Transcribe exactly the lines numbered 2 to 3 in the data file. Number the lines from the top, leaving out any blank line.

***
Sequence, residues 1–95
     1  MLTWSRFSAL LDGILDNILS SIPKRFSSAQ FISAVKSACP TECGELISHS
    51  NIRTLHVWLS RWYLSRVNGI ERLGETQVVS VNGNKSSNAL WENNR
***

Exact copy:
     1  MLTWSRFSAL LDGILDNILS SIPKRFSSAQ FISAVKSACP TECGELISHS
    51  NIRTLHVWLS RWYLSRVNGI ERLGETQVVS VNGNKSSNAL WENNR